- HSIB launches national investigation into the design and use of portable oxygen cylinders
- More than 400 incidents reported by NHS staff over a three year period including six deaths
- HSIB says there are “persistent” incidents that mean lessons have yet to be learned at a national level
A “persistent” problem with the design and use of oxygen cylinders could be behind hundreds of patient safety incidents, including six deaths, the Healthcare Safety Investigation Branch has found.
The safety watchdog has launched a national investigation into the regulation and use of oxygen cylinders after the death of an 83-year-old patient, who did not receive oxygen because staff were unable to tell whether the cylinder was full or empty.
HSIB said the design of the cylinder was a causal factor.
During a three year period, more than 400 incidents of incorrect operation of oxygen cylinders were reported by NHS staff.
This included six patient deaths, five respiratory or cardiac arrests and four patients becoming unconscious. Other incidents including patients having difficulty breathing and suffering low oxygen saturation needing urgent medical attention.
HSIB said the issue was a national safety risk. The regulator warned: “Portable oxygen delivery systems are used in a variety of care settings and organisations across the NHS.
“The case referred to HSIB happened within an acute setting; however, similar systems are used within the ambulance service, general practices, mental health units, care homes and in patients’ own homes.”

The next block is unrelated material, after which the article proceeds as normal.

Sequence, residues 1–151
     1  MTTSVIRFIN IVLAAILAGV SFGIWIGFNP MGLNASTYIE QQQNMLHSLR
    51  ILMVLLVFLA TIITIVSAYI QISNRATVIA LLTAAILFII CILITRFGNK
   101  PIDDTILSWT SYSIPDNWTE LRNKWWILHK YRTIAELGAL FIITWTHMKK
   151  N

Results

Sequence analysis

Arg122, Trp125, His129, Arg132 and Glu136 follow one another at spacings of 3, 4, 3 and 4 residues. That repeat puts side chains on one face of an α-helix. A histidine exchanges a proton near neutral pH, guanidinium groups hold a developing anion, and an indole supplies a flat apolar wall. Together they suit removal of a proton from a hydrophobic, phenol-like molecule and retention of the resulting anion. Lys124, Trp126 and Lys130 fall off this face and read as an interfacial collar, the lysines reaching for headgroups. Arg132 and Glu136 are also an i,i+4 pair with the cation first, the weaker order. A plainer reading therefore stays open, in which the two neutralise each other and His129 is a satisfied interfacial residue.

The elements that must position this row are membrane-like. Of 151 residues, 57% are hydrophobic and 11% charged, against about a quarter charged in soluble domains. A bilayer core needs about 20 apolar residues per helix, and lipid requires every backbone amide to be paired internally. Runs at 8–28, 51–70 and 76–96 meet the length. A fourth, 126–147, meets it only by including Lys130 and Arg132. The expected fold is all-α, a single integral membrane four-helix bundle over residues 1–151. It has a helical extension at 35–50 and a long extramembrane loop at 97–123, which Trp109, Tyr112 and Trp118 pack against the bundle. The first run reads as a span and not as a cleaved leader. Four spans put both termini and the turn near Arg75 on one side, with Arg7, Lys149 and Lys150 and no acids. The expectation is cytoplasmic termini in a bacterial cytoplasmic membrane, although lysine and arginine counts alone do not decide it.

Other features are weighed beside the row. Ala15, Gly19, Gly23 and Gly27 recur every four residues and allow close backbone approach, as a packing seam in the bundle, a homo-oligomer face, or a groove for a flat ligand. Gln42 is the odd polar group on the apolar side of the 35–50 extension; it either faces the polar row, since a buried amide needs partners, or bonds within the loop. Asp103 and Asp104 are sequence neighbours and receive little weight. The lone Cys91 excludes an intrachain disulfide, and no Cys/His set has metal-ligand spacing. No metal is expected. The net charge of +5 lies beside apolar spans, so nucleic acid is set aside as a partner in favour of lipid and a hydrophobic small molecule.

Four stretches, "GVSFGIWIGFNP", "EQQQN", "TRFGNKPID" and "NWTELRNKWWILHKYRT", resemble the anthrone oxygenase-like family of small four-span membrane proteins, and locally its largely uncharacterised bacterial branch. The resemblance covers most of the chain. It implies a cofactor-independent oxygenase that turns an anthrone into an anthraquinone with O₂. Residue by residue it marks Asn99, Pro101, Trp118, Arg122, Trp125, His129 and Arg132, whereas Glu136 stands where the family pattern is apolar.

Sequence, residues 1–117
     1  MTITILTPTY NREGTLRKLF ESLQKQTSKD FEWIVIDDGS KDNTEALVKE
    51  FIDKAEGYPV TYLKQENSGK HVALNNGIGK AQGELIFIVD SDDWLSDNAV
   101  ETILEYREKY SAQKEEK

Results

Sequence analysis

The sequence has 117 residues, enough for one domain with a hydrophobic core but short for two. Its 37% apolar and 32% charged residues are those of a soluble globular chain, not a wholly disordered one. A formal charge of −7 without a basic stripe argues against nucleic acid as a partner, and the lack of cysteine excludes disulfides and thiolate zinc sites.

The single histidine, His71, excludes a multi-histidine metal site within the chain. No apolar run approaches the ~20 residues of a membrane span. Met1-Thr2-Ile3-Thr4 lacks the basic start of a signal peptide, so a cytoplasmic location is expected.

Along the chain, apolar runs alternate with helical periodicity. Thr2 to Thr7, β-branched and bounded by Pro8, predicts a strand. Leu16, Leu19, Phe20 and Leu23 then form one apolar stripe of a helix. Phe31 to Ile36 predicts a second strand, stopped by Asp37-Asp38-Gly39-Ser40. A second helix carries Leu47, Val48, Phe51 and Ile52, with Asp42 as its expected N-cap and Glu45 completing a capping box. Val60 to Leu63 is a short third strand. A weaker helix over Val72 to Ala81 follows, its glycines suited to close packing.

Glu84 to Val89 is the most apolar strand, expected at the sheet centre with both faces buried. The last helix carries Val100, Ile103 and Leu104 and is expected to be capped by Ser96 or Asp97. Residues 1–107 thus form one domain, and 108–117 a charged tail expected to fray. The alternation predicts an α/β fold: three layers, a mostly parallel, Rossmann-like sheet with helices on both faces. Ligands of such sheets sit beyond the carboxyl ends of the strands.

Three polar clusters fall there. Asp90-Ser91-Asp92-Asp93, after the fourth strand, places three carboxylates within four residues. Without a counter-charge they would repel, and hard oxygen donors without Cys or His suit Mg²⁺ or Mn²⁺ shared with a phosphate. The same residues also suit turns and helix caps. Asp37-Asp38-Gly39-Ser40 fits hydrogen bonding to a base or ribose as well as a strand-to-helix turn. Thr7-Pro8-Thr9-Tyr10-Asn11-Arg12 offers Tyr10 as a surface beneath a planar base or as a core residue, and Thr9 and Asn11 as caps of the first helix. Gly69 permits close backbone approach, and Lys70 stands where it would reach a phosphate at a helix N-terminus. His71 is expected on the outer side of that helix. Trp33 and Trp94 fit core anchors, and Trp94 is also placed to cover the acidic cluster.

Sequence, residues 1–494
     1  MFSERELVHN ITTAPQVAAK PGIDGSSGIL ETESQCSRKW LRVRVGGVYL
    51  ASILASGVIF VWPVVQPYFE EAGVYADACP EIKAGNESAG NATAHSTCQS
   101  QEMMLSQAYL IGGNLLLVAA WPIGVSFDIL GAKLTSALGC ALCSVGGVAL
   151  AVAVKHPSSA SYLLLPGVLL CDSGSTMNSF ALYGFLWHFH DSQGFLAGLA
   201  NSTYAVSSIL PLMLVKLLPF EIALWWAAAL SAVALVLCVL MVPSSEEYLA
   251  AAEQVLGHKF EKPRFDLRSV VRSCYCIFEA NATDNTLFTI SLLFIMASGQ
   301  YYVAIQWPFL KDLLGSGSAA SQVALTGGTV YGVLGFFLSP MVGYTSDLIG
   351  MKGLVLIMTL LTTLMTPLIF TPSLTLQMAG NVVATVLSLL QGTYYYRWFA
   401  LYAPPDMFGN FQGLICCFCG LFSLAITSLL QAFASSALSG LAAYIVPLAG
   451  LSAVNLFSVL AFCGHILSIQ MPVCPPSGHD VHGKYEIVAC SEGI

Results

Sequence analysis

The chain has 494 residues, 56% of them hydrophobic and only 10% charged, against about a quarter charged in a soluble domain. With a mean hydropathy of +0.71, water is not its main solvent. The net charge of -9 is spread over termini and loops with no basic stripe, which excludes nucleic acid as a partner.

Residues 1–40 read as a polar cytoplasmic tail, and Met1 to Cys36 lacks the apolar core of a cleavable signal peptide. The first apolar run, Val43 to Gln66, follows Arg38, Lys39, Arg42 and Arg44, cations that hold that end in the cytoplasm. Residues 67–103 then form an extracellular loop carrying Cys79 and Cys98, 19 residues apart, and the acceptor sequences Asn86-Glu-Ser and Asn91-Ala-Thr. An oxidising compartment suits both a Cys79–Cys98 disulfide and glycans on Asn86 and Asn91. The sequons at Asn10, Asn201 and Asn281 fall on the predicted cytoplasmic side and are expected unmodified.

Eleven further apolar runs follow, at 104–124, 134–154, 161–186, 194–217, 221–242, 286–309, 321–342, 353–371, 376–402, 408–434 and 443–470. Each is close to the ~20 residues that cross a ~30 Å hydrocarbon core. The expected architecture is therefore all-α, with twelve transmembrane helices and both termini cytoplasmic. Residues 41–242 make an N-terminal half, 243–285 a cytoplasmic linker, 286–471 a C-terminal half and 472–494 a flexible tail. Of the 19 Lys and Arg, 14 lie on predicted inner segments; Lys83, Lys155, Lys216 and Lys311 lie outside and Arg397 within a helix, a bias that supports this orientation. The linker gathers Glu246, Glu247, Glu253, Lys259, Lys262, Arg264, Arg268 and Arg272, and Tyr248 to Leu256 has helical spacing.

The statement said there were similar incidents in several trusts around the country. “Evidence also suggests that issues relating to the safe delivery of oxygen through portable systems are persistent, with multiple instances occurring in single trusts; this indicates that safety issues associated with portable oxygen systems are yet to be resolved at a national level.”
HSIB has identified specific safety issues that it will now investigate. These include:
- The differences between using a portable oxygen supply and the main supply built into hospital walls;
- Some portable systems do not have a visual indication that the valve is open, and do not provide an indication of the amount of oxygen remaining;
- Some systems do not provide a visual indication that oxygen is flowing to the patient.
HSIB said its investigation will review the regulation and use of portable oxygen systems within the NHS in England and will also consider the system wide influences on the design and safe use of oxygen systems – including cylinders, manifolds, tubing and masks.
In its interim report HSIB said the 83-year-old patient’s death was reported to the coroner but the local medical examiner determined the lack of oxygen during resuscitation would not have made a difference due to the man’s comorbidities and lack of response.
HSIB will produce a full report and could make national recommendations for changes to improve safety. The regulator was established in April 2017 to investigate systemic safety risks in the NHS.